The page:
Research ArticleRheumatoid Arthritis

Immune-Mediated Pore-Forming Pathways Induce Cellular Hypercitrullination and Generate Citrullinated Autoantigens in Rheumatoid Arthritis

Science Translational Medicine  30 Oct 2013:
Vol. 5, Issue 209, pp. 209ra150
DOI: 10.1126/scitranslmed.3006869

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Abstract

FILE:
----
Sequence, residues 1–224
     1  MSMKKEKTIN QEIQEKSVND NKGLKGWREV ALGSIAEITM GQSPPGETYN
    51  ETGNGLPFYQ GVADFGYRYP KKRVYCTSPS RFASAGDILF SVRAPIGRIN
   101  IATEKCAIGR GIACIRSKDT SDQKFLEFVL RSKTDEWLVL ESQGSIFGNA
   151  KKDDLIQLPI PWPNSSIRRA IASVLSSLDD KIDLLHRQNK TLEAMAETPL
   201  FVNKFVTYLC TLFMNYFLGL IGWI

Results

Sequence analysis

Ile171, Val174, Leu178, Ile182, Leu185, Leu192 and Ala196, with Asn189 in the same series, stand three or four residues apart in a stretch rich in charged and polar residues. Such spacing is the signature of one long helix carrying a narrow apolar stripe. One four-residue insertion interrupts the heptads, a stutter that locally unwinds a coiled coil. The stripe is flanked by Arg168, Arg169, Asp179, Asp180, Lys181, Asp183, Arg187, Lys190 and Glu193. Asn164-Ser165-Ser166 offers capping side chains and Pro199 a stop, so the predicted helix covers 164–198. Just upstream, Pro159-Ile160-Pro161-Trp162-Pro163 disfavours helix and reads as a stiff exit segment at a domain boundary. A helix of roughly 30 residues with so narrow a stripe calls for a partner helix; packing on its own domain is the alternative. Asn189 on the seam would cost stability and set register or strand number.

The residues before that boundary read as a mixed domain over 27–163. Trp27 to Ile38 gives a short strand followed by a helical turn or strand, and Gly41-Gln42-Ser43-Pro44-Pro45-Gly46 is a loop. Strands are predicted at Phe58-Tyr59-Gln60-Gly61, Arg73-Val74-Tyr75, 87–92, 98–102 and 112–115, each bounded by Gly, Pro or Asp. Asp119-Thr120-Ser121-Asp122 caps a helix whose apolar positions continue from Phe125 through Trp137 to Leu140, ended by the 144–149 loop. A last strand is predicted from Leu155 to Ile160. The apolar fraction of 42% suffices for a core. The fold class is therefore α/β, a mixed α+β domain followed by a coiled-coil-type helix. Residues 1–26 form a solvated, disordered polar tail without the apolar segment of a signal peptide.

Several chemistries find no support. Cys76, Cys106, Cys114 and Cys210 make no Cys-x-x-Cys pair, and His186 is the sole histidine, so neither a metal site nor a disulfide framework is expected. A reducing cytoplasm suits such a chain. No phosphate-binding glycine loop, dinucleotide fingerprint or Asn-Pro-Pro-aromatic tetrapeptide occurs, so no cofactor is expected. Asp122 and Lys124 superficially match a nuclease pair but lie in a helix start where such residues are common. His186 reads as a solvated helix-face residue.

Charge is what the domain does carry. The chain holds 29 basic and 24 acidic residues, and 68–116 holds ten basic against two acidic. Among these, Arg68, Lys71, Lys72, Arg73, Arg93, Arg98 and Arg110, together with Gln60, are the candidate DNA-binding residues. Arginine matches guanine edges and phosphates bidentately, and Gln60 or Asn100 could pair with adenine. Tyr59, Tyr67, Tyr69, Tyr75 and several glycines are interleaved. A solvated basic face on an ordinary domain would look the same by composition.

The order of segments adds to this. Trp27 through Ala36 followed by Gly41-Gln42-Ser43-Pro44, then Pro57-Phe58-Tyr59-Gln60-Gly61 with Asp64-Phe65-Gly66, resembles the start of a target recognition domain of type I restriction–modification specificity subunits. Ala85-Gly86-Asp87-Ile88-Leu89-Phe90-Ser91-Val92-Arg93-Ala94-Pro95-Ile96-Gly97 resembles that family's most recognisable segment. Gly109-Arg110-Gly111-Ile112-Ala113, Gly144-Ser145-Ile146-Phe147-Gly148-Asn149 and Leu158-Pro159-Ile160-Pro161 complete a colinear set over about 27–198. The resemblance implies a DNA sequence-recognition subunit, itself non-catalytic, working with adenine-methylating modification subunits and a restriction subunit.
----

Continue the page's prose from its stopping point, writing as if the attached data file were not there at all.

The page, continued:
Autoantibodies to citrullinated protein antigens are specific markers of rheumatoid arthritis (RA). Although protein citrullination can be activated by numerous stimuli in cells, it remains unclear which of these produce the prominent citrullinated autoantigens targeted in RA. In these studies, we show that RA synovial fluid cells have an unusual pattern of citrullination with marked citrullination of proteins across the broad range of molecular weights, which we term cellular hypercitrullination. Although histone citrullination is a common event during neutrophil activation and death induced by different pathways including apoptosis, NETosis, and necroptosis/autophagy, hypercitrullination is not induced by these stimuli. However, marked hypercitrullination is induced by two immune-mediated membranolytic pathways, mediated by perforin and the membrane attack complex (MAC), which are active in the RA joint and of importance in RA pathogenesis. We further demonstrate that perforin and MAC activity on neutrophils generate the profile of citrullinated autoantigens characteristic of RA. These data suggest that activation of peptidylarginine deiminases during complement and perforin activity may be at the core of citrullinated autoantigen production in RA. These pathways may be amenable to monitoring and therapeutic modulation.

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